Keeping the old west traditions is a passion for Salenik.

“I encourage the kids today to follow their dreams and treat everyone with love and respect,” she said.

Jason Barnett: Artist and Metal Craftsman

The failed restoration of an old car that nearly caused injury to Alvin's Jason Barnett led to a hobby and business that has taken him all over Texas.

“I was restoring a 1953 Buick. While working on it with the motor running, it jumped in gear and ream through the barn wall. The wall completely caved in, smashing the old car. All that was left was the trunk area. While looking at the remains, I decided to make a couch out of what was left,” Barnet explained.

His display of old pickup truck cabs and beds, radiators-turned-end tables, and decorative lighting are now repurposed into furnishings.

“None of these were restorable vehicles. There were beyond restoration and destined for the scrap metal yard,” Barnet said. “Some men go out into the woods hunting animals to shoot. My hobby is going out looking for old trucks and cars to turn into an artwork.”

“Sometimes these finds turn into friendly relationships, such as a time he recalled finding an old pick up that was buried in trees and brush that he had to dig it out.

‘The old truck belonged to this elderly gentleman that has dementia. His wife said every day he would go out on the back porch and tell her they were going to take a trip in it. After the man passed away, I contacted his wife about buying the truck," he said.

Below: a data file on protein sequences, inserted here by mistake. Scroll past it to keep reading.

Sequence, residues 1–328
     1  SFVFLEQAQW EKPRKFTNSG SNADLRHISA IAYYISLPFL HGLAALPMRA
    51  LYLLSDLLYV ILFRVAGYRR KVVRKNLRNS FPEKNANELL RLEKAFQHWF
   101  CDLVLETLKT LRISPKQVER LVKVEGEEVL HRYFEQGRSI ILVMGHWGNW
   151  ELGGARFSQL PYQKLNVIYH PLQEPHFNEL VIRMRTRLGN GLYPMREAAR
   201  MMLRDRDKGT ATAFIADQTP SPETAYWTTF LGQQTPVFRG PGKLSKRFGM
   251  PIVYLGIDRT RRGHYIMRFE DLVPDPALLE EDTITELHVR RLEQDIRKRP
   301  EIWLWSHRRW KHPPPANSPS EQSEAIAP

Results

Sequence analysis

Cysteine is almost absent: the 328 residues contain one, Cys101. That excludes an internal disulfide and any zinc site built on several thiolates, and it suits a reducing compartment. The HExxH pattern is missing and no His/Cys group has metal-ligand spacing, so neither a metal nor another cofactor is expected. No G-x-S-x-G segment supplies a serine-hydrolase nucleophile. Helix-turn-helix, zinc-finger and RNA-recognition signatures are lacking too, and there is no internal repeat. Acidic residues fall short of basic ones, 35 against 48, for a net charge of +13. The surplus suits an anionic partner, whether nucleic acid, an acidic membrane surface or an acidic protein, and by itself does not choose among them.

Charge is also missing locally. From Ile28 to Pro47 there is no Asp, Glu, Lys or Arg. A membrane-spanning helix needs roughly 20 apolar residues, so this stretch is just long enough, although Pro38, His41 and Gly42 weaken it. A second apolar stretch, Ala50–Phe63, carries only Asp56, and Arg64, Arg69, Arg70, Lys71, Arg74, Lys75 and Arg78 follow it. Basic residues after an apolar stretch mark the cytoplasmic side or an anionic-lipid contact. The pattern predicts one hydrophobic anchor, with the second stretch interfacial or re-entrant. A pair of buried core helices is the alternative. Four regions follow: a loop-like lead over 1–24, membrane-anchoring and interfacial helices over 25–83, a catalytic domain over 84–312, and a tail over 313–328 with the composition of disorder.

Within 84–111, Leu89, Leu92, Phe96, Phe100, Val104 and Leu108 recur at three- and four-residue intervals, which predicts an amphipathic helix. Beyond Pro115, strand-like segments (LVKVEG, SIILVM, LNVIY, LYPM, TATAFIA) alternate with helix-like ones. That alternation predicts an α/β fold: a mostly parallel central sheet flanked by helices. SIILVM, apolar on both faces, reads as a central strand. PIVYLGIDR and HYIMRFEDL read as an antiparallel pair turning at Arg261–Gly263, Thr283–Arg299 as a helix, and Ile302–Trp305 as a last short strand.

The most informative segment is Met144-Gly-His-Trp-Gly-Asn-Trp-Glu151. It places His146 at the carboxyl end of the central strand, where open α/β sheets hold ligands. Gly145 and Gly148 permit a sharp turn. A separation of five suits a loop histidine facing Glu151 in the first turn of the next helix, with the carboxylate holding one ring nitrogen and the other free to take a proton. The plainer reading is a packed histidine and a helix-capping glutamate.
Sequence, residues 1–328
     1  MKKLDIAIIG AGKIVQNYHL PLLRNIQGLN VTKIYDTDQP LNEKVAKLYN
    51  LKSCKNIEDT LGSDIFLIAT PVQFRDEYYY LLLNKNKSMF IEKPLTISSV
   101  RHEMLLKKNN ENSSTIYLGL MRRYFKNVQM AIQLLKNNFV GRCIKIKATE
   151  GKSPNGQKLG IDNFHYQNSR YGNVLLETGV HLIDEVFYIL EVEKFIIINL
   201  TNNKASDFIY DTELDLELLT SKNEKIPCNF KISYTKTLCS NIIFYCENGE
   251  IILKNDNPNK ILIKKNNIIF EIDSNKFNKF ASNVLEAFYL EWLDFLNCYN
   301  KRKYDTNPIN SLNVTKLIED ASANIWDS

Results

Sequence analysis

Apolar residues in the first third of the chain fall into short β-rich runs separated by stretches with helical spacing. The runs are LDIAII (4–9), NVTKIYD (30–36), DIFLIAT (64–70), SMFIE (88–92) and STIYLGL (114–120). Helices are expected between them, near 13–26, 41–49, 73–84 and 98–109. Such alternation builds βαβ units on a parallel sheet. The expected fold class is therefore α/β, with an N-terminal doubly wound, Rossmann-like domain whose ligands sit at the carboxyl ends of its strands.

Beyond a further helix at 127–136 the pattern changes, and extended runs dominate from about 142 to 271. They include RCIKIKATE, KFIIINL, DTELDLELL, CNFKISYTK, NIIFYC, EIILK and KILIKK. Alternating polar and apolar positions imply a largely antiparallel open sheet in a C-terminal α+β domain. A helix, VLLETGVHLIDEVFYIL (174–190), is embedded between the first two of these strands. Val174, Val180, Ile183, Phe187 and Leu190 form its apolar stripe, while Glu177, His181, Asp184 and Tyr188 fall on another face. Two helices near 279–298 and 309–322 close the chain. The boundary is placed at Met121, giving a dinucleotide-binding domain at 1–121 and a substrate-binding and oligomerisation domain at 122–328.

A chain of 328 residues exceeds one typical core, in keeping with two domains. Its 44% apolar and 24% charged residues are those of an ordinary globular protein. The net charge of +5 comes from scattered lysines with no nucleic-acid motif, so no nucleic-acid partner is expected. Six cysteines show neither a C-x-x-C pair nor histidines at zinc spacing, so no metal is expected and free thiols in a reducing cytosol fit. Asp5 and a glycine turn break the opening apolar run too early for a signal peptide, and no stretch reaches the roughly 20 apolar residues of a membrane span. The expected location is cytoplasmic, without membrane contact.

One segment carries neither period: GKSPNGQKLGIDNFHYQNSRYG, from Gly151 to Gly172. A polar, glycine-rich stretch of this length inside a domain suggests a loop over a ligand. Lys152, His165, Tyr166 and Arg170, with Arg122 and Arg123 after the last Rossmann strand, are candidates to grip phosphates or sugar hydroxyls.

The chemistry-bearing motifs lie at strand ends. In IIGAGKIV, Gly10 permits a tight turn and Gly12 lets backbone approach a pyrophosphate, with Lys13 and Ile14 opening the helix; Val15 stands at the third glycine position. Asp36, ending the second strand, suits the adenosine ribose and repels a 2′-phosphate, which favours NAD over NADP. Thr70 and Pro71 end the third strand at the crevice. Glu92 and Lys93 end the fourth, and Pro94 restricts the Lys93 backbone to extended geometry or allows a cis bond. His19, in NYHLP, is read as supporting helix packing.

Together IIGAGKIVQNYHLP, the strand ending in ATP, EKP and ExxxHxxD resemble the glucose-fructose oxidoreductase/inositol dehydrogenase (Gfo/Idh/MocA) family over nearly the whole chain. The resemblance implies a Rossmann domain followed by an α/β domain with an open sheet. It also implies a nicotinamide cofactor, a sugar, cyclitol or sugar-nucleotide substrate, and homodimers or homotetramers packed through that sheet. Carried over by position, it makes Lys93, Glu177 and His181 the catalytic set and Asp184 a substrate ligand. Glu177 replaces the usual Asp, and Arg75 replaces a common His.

As he was discussing what plans he had for it, Barnet found that the man owned a Sinclair station in town.

“In his later years, he often talked about having to gas the truck up at the Sinclair station. I also found out his wife spelled her name 'SU' not Sue," he said.

So, to honor the old man, Barnet cut the cab — leaving the rear of the cab and part of the truck bed — and made a bench that he painted with the Sinclair logo across the back and "Su" under the logo.

"This is a lot of fun. I frequently get calls from people telling me where to find an old truck or even wanting to buy or create an artwork for themselves," Barnett explained.

Barnett’s artwork is not limited to trucks or car parts, either. One of his creations displayed at last week's TCR festival was a World War II aircraft fuel tank.